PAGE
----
If you think about infinitely thin coins, you might be expecting me to tell you that the key to it all is that the integral of x2 is x3/3. I hereby mention that in passing.




Although not very speckled, the sun is no longer blank; the new sunspot cycle is beginning, and it turns out that my ASI120MC-S camera is good at photographing sunspots.

Here you see a sunspot group and the granulated surface of the sun, photographed with my Celestron 5 (f/10), a Thousand Oaks filter, and the ASI120MC-S.

The hard part was using the laptop outdoors in the sun. Even with an improvised canopy over it (using a sunlight reflector intended to go inside a car windshield), I had a hard time seeing the display.

A note about bell curves

The equation of a Gaussian bell curve is just e-x2 plus scaling factors. The more complicated formula that you have seen (and can't remember) just scales the curve in both dimensions.

That means its logarithm is an upside-down parabola, -x2.

That is useful, because to fit a parabola to a function, all you need to know is where the peak is, plus the location of one point off the peak. This is used often in Bayesian statistics.



Jupiter and Saturn



A nice pair of pictures of Jupiter and Saturn through the same telescope at the same magnification, showing that Saturn is nearly twice as far away. (The Solar System is big!) 8-inch telescope, dates and times as shown.


Academic ethics:
Compensation for lost admission and scholarship

This news item raises interesting questions of academic ethics. If you could order anyone to do anything, what would be the best way forward? How near could you come to undoing the harm and making the victim whole?

A talented clarinet student was offered a full scholarship at a very prestigious music school to work with a famous teacher. His girlfriend at the time forged e-mail and kept him from finding out about it. He later studied with the teacher briefly through a different school and found out what had happened.

He sued her, and she lost; the judgment was Canadian $300,000.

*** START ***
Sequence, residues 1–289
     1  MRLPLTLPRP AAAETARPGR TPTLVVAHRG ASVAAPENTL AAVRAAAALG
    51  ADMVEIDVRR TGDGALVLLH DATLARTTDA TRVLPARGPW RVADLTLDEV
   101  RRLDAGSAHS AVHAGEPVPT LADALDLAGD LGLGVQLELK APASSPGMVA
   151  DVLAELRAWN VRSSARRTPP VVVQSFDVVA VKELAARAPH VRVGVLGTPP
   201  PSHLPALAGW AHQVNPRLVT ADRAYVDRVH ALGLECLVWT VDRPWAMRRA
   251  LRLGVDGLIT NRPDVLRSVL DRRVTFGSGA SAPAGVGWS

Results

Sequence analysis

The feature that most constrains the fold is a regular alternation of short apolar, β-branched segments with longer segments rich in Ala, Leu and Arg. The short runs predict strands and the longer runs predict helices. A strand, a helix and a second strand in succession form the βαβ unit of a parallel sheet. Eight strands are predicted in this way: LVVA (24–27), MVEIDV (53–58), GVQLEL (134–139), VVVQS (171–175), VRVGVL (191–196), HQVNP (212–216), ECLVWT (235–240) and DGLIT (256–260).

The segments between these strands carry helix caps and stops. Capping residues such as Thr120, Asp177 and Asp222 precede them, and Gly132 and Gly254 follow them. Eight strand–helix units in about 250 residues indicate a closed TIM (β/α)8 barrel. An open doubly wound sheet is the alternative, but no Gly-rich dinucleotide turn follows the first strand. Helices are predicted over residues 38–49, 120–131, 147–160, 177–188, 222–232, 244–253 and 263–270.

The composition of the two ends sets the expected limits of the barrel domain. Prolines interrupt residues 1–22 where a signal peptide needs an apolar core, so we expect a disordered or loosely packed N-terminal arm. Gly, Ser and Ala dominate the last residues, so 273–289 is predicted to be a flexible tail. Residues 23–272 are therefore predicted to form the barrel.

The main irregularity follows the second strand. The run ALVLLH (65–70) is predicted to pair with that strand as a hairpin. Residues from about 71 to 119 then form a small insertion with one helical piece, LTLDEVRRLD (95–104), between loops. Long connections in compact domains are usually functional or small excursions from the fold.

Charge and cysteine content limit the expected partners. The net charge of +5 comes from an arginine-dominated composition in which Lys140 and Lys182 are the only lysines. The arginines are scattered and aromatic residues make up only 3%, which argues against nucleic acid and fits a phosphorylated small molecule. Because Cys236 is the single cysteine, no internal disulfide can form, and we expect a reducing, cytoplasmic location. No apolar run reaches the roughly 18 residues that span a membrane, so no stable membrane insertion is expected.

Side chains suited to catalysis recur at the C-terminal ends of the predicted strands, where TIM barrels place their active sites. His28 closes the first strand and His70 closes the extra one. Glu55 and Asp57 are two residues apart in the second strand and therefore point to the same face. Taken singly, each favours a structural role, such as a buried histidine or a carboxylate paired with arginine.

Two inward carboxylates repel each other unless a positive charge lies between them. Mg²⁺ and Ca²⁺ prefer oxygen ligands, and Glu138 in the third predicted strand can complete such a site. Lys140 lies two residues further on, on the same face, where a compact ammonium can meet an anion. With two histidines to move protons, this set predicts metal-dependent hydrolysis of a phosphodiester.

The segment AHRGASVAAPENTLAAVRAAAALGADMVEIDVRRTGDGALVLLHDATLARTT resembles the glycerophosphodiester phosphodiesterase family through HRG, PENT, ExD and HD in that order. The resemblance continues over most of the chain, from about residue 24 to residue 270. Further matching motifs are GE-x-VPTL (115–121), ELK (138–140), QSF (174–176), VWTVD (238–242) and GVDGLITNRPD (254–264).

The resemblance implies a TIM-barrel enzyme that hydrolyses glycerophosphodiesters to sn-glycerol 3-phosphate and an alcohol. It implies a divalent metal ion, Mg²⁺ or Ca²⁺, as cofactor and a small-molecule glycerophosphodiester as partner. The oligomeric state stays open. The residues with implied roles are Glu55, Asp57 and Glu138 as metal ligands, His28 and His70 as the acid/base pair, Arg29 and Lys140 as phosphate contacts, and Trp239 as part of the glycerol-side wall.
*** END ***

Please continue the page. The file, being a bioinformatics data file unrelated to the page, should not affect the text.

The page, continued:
That is certainly a better outcome than could easily have happened. The ex-girlfriend's goose is thoroughly cooked. Either she pays in full (which might be possible if she has liability insurance), or for the rest of her life she will not be able to buy a house or even get a credit card. I rather hope a significant percentage of her income can be attached and paid to her victim.

The victim behaved intelligently to mitigate the damage; he thought he had been rejected in good faith, so he pursued other good opportunities and got a good education (at higher cost) and a good job. In the opinion of a music professor I consulted, he might well have gotten a higher-paying and more prestigious job if he had gone to the better school. (We're not sure; there are many unpredictable factors.) He is certainly out the cost of going to a different school without a full scholarship. Those are presumably things the court determined and calculated.

Crucially, if the school gave him the scholarship now (which they might be willing to do!), he wouldn't quit his job to go back to school. Time has passed. His career has begun to develop.

If I were there, I would caution the judge against two mistakes:

  • Assuming that he wanted the better education only in order to get a higher salary. No; people don't go into classical music for the salary; they do it because they want to play their instrument as well as possible, give something to the world, and earn recognition.
  • Assuming he's the only victim. There are at least two others.

    • The school lost a student they really wanted to recruit. They weren't able to use their talents in the way they thought best. The teacher spent his time teaching someone else who was presumably very good, but not the student he was especially looking forward to.
    • And the whole world's supply of good musical performances was presumably impoverished. What if one of the best clarinetists were even a tiny bit better? The world would be richer for it.

One thing I think would help would be for the music school to pipe up loudly that they are also a victim. If this gentleman can't be one of their alumni, maybe he can at least be known as the student who was stolen from them, someone they definitely considered to be of their caliber.

Two technical points. First: An honorary degree, if the music school wanted to give him one, wouldn't really help. He still hasn't actually been there and received their instruction.

Second: If he had been a research scientist, there would have been a better way to compensate him. Give him a 3-year postdoctoral research fellowship, with salary, to work with the scientist whom he had wanted as his teacher. This could be done at any stage of his career, even if he had been out on a job for ten years, and would give him the opportunities to do valuable, prestigious work that he had missed earlier, and achieve at least 3 years of career advancement while doing so. But music careers don't work that way.